Select your group: A group of four is ideal. Choose your group carefully. Try to have a good role-model within the group. Avoid putting older children with much younger children. If this is unavoidable, give the older child special responsibilities.

Choose your space: Work in a space where the children can both stand in a circle and sit at a desk. This will allow the possibility of movement for fidgety pupils. Include a range of multi-sensory activities – allow the children to see, hear, say and do.

Choose your time: Aim to see your group twice a week for 15 to 30 minutes. Alternatively, 10 minutes a day can have a great impact on the child’s language development. If possible, run the group for half a term.

Be aware of your own communication skills: Establish firm eyesight when speaking to each child. Speak slowly and clearly. Keep your sentences short. Use clear visual gestures. Allow the child time to process your language and respond. Lean towards the child to show you are interested in their response. Strive to achieve a balance between how much you speak and how much the children speak.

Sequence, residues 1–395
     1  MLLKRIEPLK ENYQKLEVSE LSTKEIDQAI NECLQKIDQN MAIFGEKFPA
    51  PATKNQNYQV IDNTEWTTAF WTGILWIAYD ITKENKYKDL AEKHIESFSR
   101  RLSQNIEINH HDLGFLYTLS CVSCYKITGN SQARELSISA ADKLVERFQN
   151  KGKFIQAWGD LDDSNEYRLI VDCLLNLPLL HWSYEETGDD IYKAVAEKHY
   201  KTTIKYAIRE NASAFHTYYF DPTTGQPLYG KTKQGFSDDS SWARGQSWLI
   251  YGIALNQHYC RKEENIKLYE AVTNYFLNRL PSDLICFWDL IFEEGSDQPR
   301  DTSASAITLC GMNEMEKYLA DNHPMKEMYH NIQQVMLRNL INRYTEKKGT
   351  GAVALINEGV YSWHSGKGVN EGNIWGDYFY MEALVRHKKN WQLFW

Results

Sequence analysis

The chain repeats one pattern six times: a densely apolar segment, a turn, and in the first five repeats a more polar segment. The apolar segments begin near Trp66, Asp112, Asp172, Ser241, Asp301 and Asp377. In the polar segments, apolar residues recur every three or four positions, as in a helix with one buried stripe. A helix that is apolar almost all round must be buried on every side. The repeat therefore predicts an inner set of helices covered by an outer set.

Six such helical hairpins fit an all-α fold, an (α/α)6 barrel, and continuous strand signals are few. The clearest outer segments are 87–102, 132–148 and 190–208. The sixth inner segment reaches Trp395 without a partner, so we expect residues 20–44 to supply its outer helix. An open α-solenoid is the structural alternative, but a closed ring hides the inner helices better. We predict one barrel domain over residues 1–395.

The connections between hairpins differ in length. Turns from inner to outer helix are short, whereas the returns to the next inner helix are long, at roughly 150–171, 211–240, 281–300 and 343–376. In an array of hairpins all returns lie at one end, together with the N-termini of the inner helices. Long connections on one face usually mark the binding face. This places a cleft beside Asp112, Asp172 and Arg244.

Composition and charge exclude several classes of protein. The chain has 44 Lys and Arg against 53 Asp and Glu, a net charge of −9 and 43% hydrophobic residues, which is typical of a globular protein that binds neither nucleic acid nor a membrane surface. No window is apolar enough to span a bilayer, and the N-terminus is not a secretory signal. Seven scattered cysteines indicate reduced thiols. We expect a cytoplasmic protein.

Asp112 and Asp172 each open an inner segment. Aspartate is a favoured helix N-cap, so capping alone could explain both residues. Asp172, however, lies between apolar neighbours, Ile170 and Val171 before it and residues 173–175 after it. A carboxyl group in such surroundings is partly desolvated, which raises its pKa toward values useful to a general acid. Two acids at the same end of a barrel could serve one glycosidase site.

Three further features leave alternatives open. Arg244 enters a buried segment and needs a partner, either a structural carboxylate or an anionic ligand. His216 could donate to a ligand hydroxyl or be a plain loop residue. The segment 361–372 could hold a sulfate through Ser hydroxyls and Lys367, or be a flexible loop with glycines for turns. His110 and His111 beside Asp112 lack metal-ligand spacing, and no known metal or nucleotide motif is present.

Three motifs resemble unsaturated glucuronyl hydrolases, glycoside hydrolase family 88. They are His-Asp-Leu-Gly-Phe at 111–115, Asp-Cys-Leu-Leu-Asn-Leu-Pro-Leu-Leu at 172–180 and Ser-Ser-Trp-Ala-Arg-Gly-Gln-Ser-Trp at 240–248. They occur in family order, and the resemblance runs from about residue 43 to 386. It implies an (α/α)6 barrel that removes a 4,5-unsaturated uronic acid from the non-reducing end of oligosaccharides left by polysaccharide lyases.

Establish your rules: Children learn best when they know what to expect from the session and understand the rules. Make the group rules very clear and revisit these at the beginning of each session. For example, “in our group our rules are good looking (point to your eyes), good speaking (point to your mouth), good listening (point to your ear), good sitting (sit still with crossed arms and still legs).

Include a range of multi-sensory activities: If possible link the group objectives with the teacher’s planning. Use a menu of activities: a “starter” that is quick and involves everyone, a “main meal” that is linked to the class work, and a “dessert” that is a fun game to revisit the main objectives. Use props, pictures, gestures – anything that will help the children understand. The activities could include:

  • Tailor-made board games to support the teacher’s lessons.
  • Memory games such as Kim’s Game or “pairs”.
  • Describing activities, for example use a bag of unseen concrete objects.
  • Speaking and Listening through Narrative resources, based on who, what, when, where, why? (see Black Sheep Press).